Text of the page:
(CNN) -- A federal jury in Baltimore, Maryland, Wednesday awarded $10.9 million to a father of a Marine whose funeral was picketed by members of a fundamentalist church carrying signs blaming soldiers' deaths on America's tolerance of homosexuals.
A member of Westboro Baptist Church protests outside a veteran's hospital in Maywood, Illinois, in April 2006.
The family of Lance Cpl. Matthew Snyder -- who was killed in a vehicle accident in Iraq's Anbar province in 2006 -- sued the Westboro Baptist Church in Topeka, Kansas, and its leaders for defamation, invasion of privacy and intentional infliction of emotional distress.
Church members showed up at Snyder's funeral chanting derogatory slogans and holding picket signs with messages including "God Hates Fags."
Al Snyder, father of the slain Marine, said he considered filing the lawsuit for a long time before going forward and that he hoped the judgment would make it harder for the church to continue such protests.
"It's hard enough burying a 20-year-old son, much less having to deal with something like this," he said, recalling that some of the other signs at the funeral included "Thank God for dead soldiers" and "Thank God for IEDs." Watch the fallen Marine's father describe his reaction »
"As far as their picketing goes, they want to do it in front of a courthouse, they want to do it in a public park, I could care less. But I couldn't let them get away with doing this to our military," Al Snyder said.
"Every day in court I would just think of Matt and have him on my mind and know that he was watching out for me."
Snyder's attorney told jurors to pick an amount "that says don't do this in Maryland again. Do not bring your circus of hate to Maryland again," according to The Associated Press.
The award includes $2.9 million in compensatory damages and $8 million in punitive damages, a clerk in the judge's chambers said.
Lawyers for the church members argued Matthew Snyder's funeral was public and the First Amendment protects all points of view, even offensive ones, the AP reported.
Church founder Fred Phelps said the church would appeal the decision, adding it would "take about five minutes to reverse that thing." Watch Phelps laugh at the people trying to silence him »
"This will elevate me to something important," Phelps told reporters. "This was an act of futility."
Later, Phelps said the case was about "putting a preacher on trial for what he preaches."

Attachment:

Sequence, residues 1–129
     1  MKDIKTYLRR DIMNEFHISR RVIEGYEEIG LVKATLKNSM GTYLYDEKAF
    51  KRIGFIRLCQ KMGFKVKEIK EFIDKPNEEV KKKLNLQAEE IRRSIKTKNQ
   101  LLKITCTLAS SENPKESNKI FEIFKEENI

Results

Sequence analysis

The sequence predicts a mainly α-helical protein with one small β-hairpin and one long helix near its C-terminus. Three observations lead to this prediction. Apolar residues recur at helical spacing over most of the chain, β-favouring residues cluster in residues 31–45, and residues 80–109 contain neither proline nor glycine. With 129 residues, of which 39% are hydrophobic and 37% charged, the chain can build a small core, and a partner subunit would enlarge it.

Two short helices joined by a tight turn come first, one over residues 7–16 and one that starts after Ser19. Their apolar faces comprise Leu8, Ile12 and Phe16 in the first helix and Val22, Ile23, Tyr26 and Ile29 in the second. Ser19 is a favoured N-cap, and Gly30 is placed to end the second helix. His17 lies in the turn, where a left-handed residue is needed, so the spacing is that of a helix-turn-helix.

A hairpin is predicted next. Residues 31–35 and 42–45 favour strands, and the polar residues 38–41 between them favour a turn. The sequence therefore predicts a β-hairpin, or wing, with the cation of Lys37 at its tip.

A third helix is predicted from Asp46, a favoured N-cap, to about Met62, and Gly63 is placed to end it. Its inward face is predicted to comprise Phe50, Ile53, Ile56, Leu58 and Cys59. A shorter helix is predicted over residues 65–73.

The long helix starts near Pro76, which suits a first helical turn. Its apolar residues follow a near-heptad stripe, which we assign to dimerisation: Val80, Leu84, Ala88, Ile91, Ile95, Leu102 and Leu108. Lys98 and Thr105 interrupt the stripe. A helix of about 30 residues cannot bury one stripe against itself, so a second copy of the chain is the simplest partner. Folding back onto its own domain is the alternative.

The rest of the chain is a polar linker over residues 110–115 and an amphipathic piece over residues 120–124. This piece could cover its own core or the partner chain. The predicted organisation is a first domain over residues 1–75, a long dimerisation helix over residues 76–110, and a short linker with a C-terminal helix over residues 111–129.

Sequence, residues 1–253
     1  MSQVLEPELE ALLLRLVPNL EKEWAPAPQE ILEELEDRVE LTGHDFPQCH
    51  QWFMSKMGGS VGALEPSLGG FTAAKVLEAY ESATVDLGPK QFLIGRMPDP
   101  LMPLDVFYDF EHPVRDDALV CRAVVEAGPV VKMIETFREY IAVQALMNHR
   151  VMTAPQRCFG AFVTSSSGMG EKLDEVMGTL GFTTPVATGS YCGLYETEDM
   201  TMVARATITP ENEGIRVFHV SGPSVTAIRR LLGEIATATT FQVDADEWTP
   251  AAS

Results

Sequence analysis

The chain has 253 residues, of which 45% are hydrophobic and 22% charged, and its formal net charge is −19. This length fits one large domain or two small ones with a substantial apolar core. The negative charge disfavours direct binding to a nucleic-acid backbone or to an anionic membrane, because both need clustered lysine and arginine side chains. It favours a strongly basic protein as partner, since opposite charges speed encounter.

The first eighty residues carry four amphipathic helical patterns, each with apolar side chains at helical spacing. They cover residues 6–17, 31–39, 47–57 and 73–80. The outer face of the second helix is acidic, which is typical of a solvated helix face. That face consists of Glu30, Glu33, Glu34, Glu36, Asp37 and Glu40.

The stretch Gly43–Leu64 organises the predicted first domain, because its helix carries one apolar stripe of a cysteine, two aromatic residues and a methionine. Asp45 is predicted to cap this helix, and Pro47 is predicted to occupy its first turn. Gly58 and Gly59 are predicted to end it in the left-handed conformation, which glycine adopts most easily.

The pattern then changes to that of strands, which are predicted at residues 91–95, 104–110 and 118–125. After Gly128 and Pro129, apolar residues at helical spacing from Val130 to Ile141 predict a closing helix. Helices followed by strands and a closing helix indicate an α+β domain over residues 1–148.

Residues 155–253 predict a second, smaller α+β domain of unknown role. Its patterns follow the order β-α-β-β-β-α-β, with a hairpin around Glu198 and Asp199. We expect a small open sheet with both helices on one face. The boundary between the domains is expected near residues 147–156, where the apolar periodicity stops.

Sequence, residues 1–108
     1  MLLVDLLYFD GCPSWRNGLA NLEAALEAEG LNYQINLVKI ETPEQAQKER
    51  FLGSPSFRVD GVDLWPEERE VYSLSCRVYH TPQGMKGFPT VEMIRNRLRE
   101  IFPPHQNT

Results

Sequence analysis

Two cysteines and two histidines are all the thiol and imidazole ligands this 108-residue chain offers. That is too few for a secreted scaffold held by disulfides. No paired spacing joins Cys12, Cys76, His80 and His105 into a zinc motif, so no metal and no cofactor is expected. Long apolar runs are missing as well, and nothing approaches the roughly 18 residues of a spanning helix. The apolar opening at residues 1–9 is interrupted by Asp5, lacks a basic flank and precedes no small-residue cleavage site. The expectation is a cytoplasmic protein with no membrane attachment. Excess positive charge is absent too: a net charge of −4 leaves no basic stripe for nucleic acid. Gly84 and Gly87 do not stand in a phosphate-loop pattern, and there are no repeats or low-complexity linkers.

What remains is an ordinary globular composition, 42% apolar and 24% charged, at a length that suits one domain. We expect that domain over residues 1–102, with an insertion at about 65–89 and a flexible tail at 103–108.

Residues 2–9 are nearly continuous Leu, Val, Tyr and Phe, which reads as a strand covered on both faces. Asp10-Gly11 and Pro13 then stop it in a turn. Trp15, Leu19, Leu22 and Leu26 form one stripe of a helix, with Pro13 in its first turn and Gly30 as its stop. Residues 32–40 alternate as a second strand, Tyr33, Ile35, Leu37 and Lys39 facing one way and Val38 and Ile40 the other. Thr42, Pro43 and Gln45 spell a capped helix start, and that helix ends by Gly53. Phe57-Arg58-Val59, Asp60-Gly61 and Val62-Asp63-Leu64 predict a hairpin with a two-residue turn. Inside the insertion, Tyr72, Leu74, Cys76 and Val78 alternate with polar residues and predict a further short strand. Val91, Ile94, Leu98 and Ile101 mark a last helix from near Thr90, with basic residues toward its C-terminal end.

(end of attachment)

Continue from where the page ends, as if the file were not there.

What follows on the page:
"All it was, was a protestation by the government of the United States against the word of God. They don't want me preaching that God is punishing the country by killing their servicemen." Watch Phelps say freedom of speech is under fire »
The church had made a new sign to carry after the jury's decision, said his daughter, Margie Phelps.
"Our message is 'Thank God for 10.9 [million dollars],' " she said.
"By that mechanism [the award], the entire world will look over and see that America is doomed and that in doomed America there is no such thing as religious liberty."
The judgment would not change the message the group was carrying, said another of Phelps' daughters, church attorney Shirley Phelps-Roper.
"It's going nowhere," she said of the jury's decision. "This is a nothing. God is not going to stop killing your soldiers. He's not going to stop pouring his wrath out on this nation. America is doomed."
Church members were persecuted for their teachings and the court "mocked and scoffed at our religious beliefs," she said.
Phelps-Roper added that protests were planned later this week in Boston and Acton, Massachusetts, and in Norton, Kansas.
The group plans to protest a Veterans Day rally in Washington, she said.
Phelps and the Westboro Baptist Church -- which has no connections with any mainstream Baptist organizations -- are longtime anti-gay protesters.
Before launching their protests at the funerals of American troops killed in Iraq and Afghanistan, they routinely picketed the funerals of gay people and those who died of AIDS.
Phelps and his followers also picketed the February 2006 funeral of Coretta Scott King, widow of slain civil rights leader Martin Luther King Jr., because of her support for gay rights.
Several states have implemented laws about funeral protests and Congress has passed a law barring protests at federal cemeteries. E-mail to a friend
Copyright 2007 CNN. All rights reserved.This material may not be published, broadcast, rewritten, or redistributed. Associated Press contributed to this report.
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